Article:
Tools to Prevent Patent "Hold-up": IP Rights in Standard Setting

Tools to Prevent Patent "Hold-Up"

former FTC Conference Center 601 New Jersey Avenue, NW, Washington, DC 20001 | Directions & Nearby

Event Description

The Federal Trade Commission is engaged in a policy project to examine the legal and policy issues surrounding the problem of potential patent “hold-up” when patented technologies are included in collaborative standards. As part of the project, the Commission will conduct a workshop and seeks views of consumers and the legal, academic, and business communities on the issues to be explored in this project.

Background of the Project

Collaborative standard setting plays an important role in the modern economy. In areas such as information and communications technology, for example, the usefulness of complex products and services often depends on the interoperability of components and products of different firms. To enhance the value of these complex products, private firms – including competing manufacturers, their customers and suppliers – frequently participate in standard-setting organizations to set technological standards for use in designing products or services.

When standards incorporate technologies that are protected by patent rights, there is a possibility for “hold-up” by a patent owner – a demand for higher royalties or other more costly or burdensome licensing terms after the standard is implemented than could have been obtained before the standard was chosen. Hold-up can subvert the competitive process of choosing among technologies and undermine the integrity of standard-setting activities. Consumers can be harmed if manufacturers are able to pass on higher costs resulting from hold-up.

The project will examine three ways to try to prevent hold-up: (1) patent disclosure rules of standard setting organizations; (2) commitments given by patent holders that they will license users of the standard on reasonable and non-discriminatory (“RAND”) terms; and (3) ex ante licensing negotiations by patent holders, before the standard is adopted. The Commission intends to examine these issues from practical, economic and legal perspectives, and under antitrust, contract, patent and consumer protection law .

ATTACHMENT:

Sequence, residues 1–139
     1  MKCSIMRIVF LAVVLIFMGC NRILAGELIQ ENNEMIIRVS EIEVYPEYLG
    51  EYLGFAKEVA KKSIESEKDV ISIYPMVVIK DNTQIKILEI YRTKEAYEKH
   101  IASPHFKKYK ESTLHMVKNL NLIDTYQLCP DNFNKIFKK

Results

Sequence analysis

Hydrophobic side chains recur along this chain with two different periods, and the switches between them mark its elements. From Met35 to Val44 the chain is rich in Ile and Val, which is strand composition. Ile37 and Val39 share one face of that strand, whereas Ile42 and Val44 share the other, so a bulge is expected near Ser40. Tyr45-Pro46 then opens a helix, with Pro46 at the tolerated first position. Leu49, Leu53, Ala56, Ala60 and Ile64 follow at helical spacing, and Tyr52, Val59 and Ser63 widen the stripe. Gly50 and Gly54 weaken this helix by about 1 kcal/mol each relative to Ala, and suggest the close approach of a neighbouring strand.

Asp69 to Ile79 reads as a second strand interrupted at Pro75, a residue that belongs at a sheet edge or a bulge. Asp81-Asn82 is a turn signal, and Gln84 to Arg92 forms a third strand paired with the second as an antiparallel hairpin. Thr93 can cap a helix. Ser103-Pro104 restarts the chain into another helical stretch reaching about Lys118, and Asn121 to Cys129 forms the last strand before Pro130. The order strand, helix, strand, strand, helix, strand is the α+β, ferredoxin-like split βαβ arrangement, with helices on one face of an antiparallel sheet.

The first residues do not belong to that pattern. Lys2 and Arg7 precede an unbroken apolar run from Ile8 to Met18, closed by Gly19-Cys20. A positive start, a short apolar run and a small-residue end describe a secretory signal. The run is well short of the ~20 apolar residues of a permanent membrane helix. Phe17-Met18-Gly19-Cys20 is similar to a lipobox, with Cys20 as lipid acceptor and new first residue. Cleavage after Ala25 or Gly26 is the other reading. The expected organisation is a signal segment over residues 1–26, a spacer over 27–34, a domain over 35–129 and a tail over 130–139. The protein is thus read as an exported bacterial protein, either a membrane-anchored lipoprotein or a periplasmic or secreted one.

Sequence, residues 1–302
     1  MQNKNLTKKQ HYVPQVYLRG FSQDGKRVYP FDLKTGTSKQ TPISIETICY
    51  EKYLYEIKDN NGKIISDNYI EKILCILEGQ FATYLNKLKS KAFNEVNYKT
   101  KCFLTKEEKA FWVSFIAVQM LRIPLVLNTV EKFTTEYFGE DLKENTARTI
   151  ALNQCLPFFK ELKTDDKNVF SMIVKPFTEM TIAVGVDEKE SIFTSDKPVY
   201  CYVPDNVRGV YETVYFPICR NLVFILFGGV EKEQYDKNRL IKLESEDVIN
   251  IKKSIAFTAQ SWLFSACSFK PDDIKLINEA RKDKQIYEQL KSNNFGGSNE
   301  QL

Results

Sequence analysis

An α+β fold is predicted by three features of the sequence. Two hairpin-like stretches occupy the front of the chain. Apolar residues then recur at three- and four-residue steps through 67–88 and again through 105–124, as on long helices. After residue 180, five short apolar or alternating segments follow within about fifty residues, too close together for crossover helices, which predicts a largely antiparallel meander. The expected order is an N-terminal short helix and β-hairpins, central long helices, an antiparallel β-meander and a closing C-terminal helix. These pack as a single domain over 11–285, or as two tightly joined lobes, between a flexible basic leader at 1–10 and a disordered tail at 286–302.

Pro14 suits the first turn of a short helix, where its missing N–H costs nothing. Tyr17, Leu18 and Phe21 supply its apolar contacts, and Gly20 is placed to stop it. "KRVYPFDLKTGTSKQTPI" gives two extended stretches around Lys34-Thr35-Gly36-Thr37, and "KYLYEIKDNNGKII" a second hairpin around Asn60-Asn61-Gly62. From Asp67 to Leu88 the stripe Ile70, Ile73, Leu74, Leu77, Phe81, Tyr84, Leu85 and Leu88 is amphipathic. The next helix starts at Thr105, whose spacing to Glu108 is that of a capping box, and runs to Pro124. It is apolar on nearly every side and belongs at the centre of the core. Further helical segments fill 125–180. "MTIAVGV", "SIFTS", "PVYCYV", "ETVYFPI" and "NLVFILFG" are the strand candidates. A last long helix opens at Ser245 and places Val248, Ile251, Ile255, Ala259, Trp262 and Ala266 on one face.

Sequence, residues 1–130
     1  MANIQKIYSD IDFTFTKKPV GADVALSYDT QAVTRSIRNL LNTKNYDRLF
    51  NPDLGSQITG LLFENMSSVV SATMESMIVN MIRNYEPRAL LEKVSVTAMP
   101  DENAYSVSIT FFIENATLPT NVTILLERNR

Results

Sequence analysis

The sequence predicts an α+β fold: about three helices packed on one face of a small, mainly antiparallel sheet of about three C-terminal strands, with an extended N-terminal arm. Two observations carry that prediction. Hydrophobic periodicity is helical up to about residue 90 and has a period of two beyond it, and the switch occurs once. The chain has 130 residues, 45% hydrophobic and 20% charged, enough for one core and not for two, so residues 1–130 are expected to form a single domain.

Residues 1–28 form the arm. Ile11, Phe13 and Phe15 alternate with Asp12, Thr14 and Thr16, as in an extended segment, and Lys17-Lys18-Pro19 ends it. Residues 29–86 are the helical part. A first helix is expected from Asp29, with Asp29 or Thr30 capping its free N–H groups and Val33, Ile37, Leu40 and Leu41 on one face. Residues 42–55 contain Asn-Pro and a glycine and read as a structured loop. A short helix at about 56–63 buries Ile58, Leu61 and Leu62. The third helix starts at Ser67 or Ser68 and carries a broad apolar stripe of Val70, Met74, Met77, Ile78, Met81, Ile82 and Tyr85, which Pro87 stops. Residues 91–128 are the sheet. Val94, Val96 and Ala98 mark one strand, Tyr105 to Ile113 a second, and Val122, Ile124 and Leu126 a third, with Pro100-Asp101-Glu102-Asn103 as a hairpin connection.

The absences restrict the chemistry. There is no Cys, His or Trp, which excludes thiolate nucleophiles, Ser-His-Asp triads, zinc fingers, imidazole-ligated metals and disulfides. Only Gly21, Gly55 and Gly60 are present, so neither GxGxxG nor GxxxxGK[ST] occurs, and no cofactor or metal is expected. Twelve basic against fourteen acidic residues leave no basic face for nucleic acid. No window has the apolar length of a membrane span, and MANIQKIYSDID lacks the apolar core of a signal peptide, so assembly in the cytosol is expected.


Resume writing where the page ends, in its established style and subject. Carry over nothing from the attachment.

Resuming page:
The event is free and open to the public. All attendees will be required to display a current driver's license or other valid form of photo identification. The Conference Center is accessible to people with disabilities. If you need an accommodation related to a disability, please call Carrie McGlothin at 202-326-3388. Such requests should include a detailed description of the accommodations needed and a way to contact you if we need more information.

Pre-registration for this workshop is not necessary, but is encouraged, so that we may better plan for the event.

To pre-register, email your name and affiliation to

NOTE: When you pre-register, we will collect your name, affiliation, and your email address. This information will be used to estimate how many people will attend. We may use your email address to contact you with information about the workshop.


Event Details

FTC Privacy Policy

Under the Freedom of Information Act (“FOIA”) or other laws, we may be required to disclose to outside organizations the information you provide when you pre-register. The Commission will consider all timely and responsive public comments, whether filed in paper or electronic form, and as a matter of discretion, we make every effort to remove home contact information for individuals from the public comments before posting them on the FTC website.

The FTC Act and other laws we administer permit the collection of your pre-registration contact information and the comments you file to consider and use in this proceeding as appropriate. For additional information, including routine uses permitted by the Privacy Act, see the Commission’s comprehensive Privacy Policy.

This event is open to the public and may be photographed, videotaped, webcast, or otherwise recorded. By participating in this event, you are agreeing that your image — and anything you say or submit — may be posted indefinitely at or on one of the Commission's publicly available social media sites.